Peer—Equal Power—A symmetrical relationship. When power is balanced between the communicating parties they treat each other as equals and facts, thoughts, opinions, and information can emerge and be considered and examined undistorted by the deference, emphasis, censorship, obedience, and often resentment or rebellion that characterize power differences. The information can be considered on its own merits without anyone being unduly influenced by the stature or reputation of the speaker or intimidated by any threat of harm or repercussions. Information is complete and representative rather than selective, and inquiry is free flowing rather than suppressed or inhibited. Questions are welcome and fully explored and responded to. Dialogue is the only form of communication where the participants act as authentic peers working together toward a shared understanding. It is distinct from the power based forms of communications such as discussion, debate, distraction, dismissal, delegation, disingenuous, diatribe, and dogma. Censorship is also based on power rather than peer relationships. Focus on the facts, not the power stance.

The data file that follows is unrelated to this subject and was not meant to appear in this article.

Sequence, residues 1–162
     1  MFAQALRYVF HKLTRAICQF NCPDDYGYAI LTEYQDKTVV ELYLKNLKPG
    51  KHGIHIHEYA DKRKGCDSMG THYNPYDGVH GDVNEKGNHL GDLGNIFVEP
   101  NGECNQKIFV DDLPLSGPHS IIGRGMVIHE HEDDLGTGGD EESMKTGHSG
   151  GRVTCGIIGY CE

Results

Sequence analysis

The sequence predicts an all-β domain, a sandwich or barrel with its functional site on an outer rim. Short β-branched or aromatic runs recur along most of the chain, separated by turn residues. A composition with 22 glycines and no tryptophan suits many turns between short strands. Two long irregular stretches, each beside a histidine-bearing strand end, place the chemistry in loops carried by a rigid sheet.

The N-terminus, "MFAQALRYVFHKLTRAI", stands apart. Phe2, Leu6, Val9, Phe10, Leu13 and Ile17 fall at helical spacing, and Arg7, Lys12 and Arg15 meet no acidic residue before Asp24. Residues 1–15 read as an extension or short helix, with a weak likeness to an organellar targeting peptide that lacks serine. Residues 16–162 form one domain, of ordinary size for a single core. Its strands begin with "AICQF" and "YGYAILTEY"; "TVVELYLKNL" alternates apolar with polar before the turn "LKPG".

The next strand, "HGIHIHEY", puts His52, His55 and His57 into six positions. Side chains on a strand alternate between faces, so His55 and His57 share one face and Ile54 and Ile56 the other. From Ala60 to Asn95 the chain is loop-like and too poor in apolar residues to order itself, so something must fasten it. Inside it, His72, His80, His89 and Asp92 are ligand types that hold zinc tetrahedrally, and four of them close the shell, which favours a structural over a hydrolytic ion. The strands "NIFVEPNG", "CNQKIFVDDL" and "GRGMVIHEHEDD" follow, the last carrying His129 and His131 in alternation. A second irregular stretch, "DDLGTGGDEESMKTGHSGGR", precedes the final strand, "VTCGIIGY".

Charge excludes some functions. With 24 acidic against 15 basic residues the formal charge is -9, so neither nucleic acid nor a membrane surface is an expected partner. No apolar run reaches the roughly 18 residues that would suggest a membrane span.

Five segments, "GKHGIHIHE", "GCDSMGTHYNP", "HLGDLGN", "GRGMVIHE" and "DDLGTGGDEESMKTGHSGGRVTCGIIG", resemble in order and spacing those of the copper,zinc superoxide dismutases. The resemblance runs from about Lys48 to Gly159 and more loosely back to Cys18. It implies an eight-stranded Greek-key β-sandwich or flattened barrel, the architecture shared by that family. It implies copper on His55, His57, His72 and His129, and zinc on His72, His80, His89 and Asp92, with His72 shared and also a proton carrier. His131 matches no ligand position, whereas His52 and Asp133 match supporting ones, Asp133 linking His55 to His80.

Peer communication can require patience, especially when there is a substantial difference in the background or experiences of the participants. Imagine a conversation between an opera singer and a physicist. If they are discussing a complex opera topic, the opera singer will have to patiently fill gaps in the physicist's understanding of the topic to be able to communicate accurately. This can be difficult to accomplish without seeming to be condescending, stating the obvious, or overlooking pertinent missing background. However don't confuse differences in experience or background for ignorance, stupidity, stubbornness, or status differences.